Give it a week

Before you say or do something you might regret, give yourself time.

Perhaps, your instinct is to react straight away especially if you’re angry, upset or frustrated. And, sometimes that might be exactly what you need to do. But other times there is value in being patient and in having patience.

It takes patience to not to react, to take the time to hold and work through the feeling, to calm yourself enough so that you’re able to then respond from a more rational or settled frame of mind.

Do nothing until you’re able to get yourself from a space of reacting to a space of responding. It could be hours, days or even a week.

Other peoples opinions

Sometimes we stop ourselves from doing the things that we want to do because we put others above ourselves.

We choose to consider how our actions might make someone else feel, as if that is our responsibility. It often results in not doing the things that we want to do.

In the moment, it might feel like the right choice but in the long run it often leads to regret or resentment.

It could be staying in a ‘good job’ when you actually want to pursue something that is held in a much lower regard by the people you know, maybe it pays less too. You’re worried that people will tell you you’re making a mistake, of the looks you’ll get at the family dinner when they ask how work is going, you want to please your parents and you don’t want other people to think that you’ve regressed.

So, you stick with your current job that you’re no longer interested in.

Overtime you grown to resent those people around you because even though they’re happy with where you’re at in life, you’re miserable. It feels like it’s their fault. But, deep down you know that your misery comes from you caring about other peoples opinions more than you care about making yourself happy.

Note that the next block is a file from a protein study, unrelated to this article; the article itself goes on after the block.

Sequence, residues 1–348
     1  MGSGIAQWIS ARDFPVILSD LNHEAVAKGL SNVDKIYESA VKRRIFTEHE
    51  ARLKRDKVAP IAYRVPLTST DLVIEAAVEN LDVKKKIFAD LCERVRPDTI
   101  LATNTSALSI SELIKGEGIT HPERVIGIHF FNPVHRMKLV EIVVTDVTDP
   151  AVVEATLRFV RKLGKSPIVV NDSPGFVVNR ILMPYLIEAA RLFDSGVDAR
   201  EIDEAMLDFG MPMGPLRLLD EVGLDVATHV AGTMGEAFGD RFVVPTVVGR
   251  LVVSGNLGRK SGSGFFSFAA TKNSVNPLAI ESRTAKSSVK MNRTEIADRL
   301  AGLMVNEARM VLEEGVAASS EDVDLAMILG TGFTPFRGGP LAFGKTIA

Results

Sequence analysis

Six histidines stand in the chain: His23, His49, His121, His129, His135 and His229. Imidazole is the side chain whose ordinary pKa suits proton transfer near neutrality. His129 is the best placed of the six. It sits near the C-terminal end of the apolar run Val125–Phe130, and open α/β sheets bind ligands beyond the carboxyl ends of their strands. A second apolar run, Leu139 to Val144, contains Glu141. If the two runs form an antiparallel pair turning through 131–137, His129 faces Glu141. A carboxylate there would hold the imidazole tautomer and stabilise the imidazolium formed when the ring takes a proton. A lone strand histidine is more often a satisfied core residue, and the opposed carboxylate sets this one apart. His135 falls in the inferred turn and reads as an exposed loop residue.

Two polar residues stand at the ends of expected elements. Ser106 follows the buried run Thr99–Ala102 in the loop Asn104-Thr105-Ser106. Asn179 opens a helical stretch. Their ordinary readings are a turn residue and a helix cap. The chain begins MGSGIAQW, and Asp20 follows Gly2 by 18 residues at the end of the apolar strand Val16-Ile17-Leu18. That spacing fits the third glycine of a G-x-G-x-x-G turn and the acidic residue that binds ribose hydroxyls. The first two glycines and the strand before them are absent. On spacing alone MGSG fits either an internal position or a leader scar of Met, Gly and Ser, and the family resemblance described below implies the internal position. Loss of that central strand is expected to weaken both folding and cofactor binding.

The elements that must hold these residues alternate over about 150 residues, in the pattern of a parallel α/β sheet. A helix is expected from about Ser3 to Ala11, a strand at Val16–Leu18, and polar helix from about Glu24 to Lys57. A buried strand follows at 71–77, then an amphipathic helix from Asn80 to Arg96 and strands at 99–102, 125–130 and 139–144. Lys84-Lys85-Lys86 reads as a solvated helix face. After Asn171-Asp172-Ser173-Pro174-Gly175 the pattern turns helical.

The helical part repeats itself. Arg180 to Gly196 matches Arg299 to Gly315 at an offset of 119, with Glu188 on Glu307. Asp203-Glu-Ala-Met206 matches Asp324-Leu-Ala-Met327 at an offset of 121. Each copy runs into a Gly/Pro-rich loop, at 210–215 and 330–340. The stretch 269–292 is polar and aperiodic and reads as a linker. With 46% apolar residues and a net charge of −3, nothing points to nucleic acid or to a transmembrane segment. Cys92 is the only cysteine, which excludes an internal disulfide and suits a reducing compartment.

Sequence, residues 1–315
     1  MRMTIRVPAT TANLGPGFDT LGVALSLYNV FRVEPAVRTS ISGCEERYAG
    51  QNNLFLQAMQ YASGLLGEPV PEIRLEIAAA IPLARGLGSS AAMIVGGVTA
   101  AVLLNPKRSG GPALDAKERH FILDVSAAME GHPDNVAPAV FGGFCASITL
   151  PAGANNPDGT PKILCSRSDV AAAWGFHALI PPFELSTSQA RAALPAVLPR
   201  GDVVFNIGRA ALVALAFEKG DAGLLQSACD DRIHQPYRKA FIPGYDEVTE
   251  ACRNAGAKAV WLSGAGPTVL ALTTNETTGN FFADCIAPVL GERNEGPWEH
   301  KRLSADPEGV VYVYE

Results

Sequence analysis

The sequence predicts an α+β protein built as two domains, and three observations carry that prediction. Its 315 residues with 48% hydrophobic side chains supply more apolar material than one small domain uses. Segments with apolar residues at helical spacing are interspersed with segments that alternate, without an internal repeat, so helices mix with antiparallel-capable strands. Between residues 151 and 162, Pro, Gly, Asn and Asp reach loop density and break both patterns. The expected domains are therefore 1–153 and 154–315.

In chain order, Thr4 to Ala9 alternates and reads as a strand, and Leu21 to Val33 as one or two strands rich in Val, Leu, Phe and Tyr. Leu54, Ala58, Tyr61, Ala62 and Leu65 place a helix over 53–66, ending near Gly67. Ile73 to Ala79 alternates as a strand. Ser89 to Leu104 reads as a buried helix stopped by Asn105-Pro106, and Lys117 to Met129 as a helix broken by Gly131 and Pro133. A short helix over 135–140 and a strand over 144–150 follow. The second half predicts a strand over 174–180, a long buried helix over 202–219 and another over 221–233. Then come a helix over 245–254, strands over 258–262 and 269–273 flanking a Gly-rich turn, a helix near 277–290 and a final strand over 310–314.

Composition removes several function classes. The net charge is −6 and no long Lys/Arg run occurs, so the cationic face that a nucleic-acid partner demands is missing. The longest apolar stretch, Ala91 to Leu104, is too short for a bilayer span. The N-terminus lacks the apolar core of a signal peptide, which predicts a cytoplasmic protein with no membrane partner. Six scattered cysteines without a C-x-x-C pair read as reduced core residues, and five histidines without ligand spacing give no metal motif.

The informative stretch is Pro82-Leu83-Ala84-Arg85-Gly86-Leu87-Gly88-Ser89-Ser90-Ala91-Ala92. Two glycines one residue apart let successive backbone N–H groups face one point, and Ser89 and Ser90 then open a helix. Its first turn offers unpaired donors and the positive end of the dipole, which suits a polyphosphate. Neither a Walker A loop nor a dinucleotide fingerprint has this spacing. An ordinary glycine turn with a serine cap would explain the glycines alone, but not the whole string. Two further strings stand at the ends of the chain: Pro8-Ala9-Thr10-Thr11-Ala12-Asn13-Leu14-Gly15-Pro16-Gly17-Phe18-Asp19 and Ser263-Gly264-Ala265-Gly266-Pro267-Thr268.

The lesson here is to learn to put yourself first. How you feel about your life and the choices you make matters so much more than what other people think.

Responding and reacting

The way you would react when you’re angry, upset, frustrated or annoyed is not the same way you’d respond when you’re calm and relaxed.

Of course this is fairly obvious, yet how many times have you allowed your feelings to get the better of you instead of simply taking some time.

What ends up happening is you regret it later because now you’re calm, now you can see that actually this other person was trying to be helpful, in fact you agree with them. Maybe you look back and feel like the way you reacted didn’t even make sense.

Now that you’re calmer you can play out in your mind, the way you wish you had responded.

And then you can hold onto that and remember it for next time.

How to know when you’ve made the right decision

It’s all in how it feels.

When you find yourself with a choice to make between A and B, the main challenge will be wanting to make the right decision.

You don’t want to pick an option that you might later regret. But the truth is most of the time, you never really know how you’ll feel a month or a year down the line.

And as much as you can go back and forth, at the end of the day you have to choose.

I find that that it helps to put as little pressure on the decision as possible. Sometimes even make a game of it, put your options into an online hat that will pick for you or pick flower petals.

Whatever you end up choosing if you feel calm and at peace granted part of that will come from no longer having the burden of deciding on your shoulders but the feeling of peace will also be from having made the right choice for you.

The right people

A message I’m always keen to get across is that as much as it’s important to open up, what matters even more is that you do it with the right people.

For some that may be obvious but others might find themselves wondering who qualifies as ‘right’.

It really depends on the individual.

However, there are a few questions you can ask yourself like…

How do I want to feel when I open up?

What do I want from the person I open up to?